She horsed around with the needle for a while. “OH! That’s got it! No! Yes! No! No! No! Yes! Yes! WOW!” By the end of the hour, she had managed to coax out 480 milliliters, a pint, or some other indefinable amount of blood. She stopped at that point because, said she, I had “clotted out”, whatever that meant. I wondered if I was going to have an aneurism too.

I left the building and drove up to Shy’s house where Trillium was watching Lily’s siblings. I ate peanut butter cookies with my grandson, wondering if the cookies were going to thicken my blood any more than it already was. As we waited for Lily’s daddy to show up after his visit with the Mamma Dandelion, I drifted off, perhaps in anticipation that Lily would one day find the veins in my hand fascinating and amusing.


Rebecca said...

I remember the veins in your hands and I remember the snoring... :)

Hey! You have to check out my blog today. It is written in Spanish. A short poem - an assignment from class.

shydandelion said...

Post-apocalyptic tick...ha ha ha!
Your veins are rather entertaining. So are your eyelids. And I KNOW Lily will find them fascinating too. Just give her a few months so she can perfect her dragon-nail grasp.

Katscratchme said...

Ha! Ha! I mentioned the eyelids to Dad the other day.. :P
Veins are gooooood.. I play with Ben's occasionally.

Jen said...

Dad has a lot of amusing traits - veins, eyelids . . . ears . . . and a guitar to boot! Hours of entertainment in one guy!

Canadian Hemochromatosis Society said...

Greetings again from Canada,

I thought I would provide a little information for you to chew on... (not high in iron).
The goal of your de-ironing process should be to get your ferritin levels to around 50. Your hemoglobin should remain at healthy levels.
If you were a member of our Society, you would have received our Fall 2009 newsletter. Here is a excerpt from it that you may want to have in your knowledge bank about HHC...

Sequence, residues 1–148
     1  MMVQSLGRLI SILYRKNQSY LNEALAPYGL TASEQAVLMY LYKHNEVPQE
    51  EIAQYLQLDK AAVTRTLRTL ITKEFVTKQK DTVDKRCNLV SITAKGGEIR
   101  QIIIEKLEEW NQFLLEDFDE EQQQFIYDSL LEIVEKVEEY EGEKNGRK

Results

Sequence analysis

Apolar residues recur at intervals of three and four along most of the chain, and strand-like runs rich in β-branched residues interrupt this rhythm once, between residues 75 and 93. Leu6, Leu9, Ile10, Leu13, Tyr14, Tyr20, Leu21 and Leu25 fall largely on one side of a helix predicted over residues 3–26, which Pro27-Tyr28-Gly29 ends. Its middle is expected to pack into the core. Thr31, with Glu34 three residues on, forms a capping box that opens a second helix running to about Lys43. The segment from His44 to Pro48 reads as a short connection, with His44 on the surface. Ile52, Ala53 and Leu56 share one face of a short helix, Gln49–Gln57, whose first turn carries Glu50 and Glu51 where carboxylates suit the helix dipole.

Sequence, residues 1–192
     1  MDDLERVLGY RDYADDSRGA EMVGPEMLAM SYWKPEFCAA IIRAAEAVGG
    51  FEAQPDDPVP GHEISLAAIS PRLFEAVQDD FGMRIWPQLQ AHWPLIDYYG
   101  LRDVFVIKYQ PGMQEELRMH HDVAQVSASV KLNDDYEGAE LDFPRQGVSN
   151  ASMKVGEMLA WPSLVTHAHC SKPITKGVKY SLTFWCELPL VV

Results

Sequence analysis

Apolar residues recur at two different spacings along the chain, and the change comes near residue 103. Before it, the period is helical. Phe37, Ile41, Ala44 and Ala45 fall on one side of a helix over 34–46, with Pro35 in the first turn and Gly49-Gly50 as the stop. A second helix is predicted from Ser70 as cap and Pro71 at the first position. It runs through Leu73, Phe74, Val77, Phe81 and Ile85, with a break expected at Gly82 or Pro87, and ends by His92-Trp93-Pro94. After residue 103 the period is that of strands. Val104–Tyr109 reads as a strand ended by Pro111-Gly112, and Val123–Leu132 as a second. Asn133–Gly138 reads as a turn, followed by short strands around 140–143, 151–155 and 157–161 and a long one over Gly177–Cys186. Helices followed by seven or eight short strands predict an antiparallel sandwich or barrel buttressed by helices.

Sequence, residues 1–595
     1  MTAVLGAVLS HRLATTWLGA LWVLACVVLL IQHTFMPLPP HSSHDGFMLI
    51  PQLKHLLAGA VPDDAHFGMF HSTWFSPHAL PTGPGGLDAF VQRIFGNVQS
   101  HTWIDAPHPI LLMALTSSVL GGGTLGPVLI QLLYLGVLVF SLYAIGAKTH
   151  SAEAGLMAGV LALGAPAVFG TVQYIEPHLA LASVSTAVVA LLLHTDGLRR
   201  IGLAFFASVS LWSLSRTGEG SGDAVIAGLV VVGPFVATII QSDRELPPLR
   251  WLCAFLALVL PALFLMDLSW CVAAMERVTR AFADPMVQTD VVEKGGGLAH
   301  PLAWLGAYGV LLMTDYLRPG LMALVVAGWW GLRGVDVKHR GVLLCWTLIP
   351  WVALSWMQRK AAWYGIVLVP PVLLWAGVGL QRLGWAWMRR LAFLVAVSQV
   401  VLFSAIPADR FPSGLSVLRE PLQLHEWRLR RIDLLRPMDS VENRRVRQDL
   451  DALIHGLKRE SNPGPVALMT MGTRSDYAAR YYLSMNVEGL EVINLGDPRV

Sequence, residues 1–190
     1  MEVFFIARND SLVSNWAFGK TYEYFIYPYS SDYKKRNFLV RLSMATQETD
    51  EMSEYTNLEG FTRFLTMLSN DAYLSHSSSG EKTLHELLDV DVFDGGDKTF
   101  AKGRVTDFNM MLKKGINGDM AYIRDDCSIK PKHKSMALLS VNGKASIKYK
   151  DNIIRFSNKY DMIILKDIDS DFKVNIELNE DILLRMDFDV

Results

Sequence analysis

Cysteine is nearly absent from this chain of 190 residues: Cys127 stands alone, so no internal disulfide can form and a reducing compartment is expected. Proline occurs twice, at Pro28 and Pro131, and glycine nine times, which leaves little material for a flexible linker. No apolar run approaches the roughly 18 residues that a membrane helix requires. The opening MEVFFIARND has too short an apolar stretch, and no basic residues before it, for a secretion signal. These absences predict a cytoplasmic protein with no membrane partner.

"Believe it or not, a hemochromatosis patient can become iron deficient with their treatment. This condition is termed “iron avidity”, and occurs when a patient’s ferritin level is in the low to low-normal range (15-40 ng/mL) and the transferrin
saturation percentage is elevated (>50%). In an iron avid person, the danger is increased for all symptoms of iron deficiency including fatigue, malaise and restless legs syndrome. There is also a risk of bacterial infections, since bacteria will grow in the presence of a high transferrin saturation percentage.
Why does iron avidity happen and
how do you correct it?
Hemochromatosis is a scary
diagnosis for many people. Often,
hemochromatosis patients will
immediately start an iron-reduced diet to counteract their body’s abnormal ability to absorb four times the amount of dietary iron as a person without hemochromatosis. Iron removal via therapeutic phlebotomies then begins, often on a weekly basis, becoming less frequent until
the patient is de-ironed. During
the maintenance phase, many
hemochromatosis patients are overbled and this, in combination with a reduced-iron diet, places them in an iron avid situation.
Researchers believe that iron avidity is the condition that results from over-bleeding, where the body’s mechanisms start to send more iron to the bone marrow than is really required. A key to hemochromatosis management is to keep the iron in your body in balance – not too much,and not too little. Dr. Siegfried Erb, a
Vancouver-based gastroenterologist
who treats many hemochromatosis
patients, stated in the Fall 2007
issue of Iron Filings, “When you are stable, you should have a normalhemoglobin, TS less than 50 percent,and ferritin less than 50 ng/mL.” The optimal ferritin levels are between 25 and 50 ng/mL. Once too much iron
has been removed, it can be difficult to regain the balance."

Membership is $30 a year...

Bob Rogers
Canadian Hemochromatosis Society